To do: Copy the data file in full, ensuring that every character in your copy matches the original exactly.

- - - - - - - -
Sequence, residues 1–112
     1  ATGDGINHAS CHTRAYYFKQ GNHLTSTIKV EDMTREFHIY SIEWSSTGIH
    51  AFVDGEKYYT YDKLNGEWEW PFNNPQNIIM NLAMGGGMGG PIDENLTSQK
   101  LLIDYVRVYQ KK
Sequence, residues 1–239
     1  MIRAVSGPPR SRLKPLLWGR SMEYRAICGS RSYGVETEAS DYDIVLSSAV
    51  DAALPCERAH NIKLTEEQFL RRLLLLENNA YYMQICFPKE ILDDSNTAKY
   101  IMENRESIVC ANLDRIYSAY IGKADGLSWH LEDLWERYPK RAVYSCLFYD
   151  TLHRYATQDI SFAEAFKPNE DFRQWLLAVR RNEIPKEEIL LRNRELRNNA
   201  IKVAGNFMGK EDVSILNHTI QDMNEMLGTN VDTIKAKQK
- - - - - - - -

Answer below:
Sequence, residues 1–112
     1  ATGDGINHAS CHTRAYYFKQ GNHLTSTIKV EDMTREFHIY SIEWSSTGIH
    51  AFVDGEKYYT YDKLNGEWEW PFNNPQNIIM NLAMGGGMGG PIDENLTSQK
   101  LLIDYVRVYQ KK
Sequence, residues 1–239
     1  MIRAVSGPPR SRLKPLLWGR SMEYRAICGS RSYGVETEAS DYDIVLSSAV
    51  DAALPCERAH NIKLTEEQFL RRLLLLENNA YYMQICFPKE ILDDSNTAKY
   101  IMENRESIVC ANLDRIYSAY IGKADGLSWH LEDLWERYPK RAVYSCLFYD
   151  TLHRYATQDI SFAEAFKPNE DFRQWLLAVR RNEIPKEEIL LRNRELRNNA
   201  IKVAGNFMGK EDVSILNHTI QDMNEMLGTN VDTIKAKQK